Recently at home kitchen Prince Charming and I have been enthusiastic about homemade bagels. We tried a recipe from Baking With Julia which was good, but it was the recipe posted in the New York Times that created the bagels we were dreaming about. Bagels are easy to make, plus half of the work may be done the night before. Also, consider this your opportunity to get younger ones excited about baking as rolling the soft dough to form the round wonders is great fun!
Adapted from Dan Graf
About 40 minutes plus 12 to 24 hours rising and refrigeration time
1 teaspoon active dry yeast
5 cups bread flour
2 teaspoons salt, plus more for boiling
1 tablespoon diastatic malt powder or 1 1/2 tablespoons barley malt syrup
1/4 cup poppy seeds, optional
1/4 cup sesame seeds, optional
Put the yeast in the bowl of a standing mixer. Add 1 2/3 cups lukewarm water and allow the yeast to activate, about 5 minutes. Add flour, salt and malt powder and mix at low speed for 5 minutes using the paddle attachment. Cover the dough and allow to rise at room temperature for about 2 hours.
Punch the dough down and shape into a rough rectangle about 1 to 1 1/2 inches thick, and about 2 times longer than it is wide. If you are having trouble forming the dough, stretch it, wait for the gluten to relax and reform.
Cut the dough into 10 pieces of about 3 ounces each. Roll each into an 8-inch-long snakelike shape, tapering the dough at each end. Circle the dough around your hand, pinching the ends together and rolling under your palm once or twice to seal. Put the bagels on a Silpat or other nonstick baking sheet on top of a jellyroll pan. Cover well with plastic wrap and refrigerate for about 10 hours, or up to 24 hours.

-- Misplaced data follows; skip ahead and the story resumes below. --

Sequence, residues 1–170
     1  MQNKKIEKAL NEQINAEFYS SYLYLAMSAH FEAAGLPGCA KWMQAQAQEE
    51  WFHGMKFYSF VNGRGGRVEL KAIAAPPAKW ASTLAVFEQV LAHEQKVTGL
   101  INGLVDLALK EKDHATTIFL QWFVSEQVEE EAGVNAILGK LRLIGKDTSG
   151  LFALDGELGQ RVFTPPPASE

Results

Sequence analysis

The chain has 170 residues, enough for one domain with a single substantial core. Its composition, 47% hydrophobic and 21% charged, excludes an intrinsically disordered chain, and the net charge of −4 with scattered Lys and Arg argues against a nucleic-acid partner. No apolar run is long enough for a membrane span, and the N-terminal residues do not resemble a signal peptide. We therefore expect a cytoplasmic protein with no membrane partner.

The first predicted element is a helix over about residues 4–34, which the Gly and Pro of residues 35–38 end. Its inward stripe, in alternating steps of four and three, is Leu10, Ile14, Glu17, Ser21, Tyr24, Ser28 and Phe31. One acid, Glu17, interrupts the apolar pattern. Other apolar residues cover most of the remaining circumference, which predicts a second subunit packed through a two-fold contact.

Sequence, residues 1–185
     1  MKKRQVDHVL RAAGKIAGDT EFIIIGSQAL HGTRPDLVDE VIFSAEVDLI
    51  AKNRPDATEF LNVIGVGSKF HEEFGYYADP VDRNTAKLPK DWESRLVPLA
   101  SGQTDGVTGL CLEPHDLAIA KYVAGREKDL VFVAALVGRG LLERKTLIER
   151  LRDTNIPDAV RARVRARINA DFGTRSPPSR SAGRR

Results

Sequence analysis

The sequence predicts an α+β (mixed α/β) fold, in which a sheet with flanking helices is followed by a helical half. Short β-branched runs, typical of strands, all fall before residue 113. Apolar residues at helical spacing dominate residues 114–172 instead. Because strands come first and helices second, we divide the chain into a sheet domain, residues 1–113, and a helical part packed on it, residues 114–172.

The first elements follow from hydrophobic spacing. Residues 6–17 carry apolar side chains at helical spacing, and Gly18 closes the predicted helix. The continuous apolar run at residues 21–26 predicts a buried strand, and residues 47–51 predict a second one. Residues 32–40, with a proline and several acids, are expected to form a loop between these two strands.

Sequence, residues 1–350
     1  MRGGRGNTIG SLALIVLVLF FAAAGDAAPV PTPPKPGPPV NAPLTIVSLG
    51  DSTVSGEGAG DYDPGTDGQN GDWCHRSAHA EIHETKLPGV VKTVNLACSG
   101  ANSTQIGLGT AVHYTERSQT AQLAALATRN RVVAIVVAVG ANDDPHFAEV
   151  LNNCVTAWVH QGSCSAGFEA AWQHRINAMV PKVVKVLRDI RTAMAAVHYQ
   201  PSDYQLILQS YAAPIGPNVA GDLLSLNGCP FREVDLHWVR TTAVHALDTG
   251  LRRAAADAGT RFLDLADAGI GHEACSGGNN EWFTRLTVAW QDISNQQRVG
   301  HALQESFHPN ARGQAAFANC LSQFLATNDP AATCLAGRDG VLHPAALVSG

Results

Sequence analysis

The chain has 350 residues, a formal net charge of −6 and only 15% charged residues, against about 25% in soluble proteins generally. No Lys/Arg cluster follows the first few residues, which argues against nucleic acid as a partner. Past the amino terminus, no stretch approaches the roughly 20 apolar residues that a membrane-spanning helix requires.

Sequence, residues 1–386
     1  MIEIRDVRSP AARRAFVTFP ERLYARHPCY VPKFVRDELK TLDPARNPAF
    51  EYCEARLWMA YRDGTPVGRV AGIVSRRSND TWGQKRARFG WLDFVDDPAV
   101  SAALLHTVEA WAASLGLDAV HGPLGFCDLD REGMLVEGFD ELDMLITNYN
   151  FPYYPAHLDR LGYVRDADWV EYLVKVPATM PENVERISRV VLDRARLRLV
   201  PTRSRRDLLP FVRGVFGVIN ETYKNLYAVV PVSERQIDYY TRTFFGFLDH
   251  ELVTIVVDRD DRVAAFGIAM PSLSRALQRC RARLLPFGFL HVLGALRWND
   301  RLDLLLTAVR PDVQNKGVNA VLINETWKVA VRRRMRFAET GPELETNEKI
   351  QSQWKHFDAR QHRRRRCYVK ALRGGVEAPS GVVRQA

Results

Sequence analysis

Heat the oven to 425 degrees. If you have a baking stone or brick you use for baking, put it on a rack near the bottom of the oven; it will retain heat and produce a crisper bagel. Bring a large pot of water to boil, throw a handful of salt into the boiling water and remove the bagels from the refrigerator.
Using your hands, carefully place just enough bagels into the pot to cover the surface of the water, making sure that there are no bagels resting on top of one another. Let them float on one side for about 30 seconds before flipping them to the other side for another 30 seconds or so. Remove the bagels and drain well on a cooling rack.
Pour poppy or sesame seeds into a bowl wider than the bagels. Working very quickly, remove the bagels one by one and dip them into the topping. Place them back on the Silpat-covered baking sheet, topping side down.
Bake on the second to highest shelf of the oven for about 7 minutes. Then flip the bagels and continue baking for about 8 minutes, or until they are golden brown.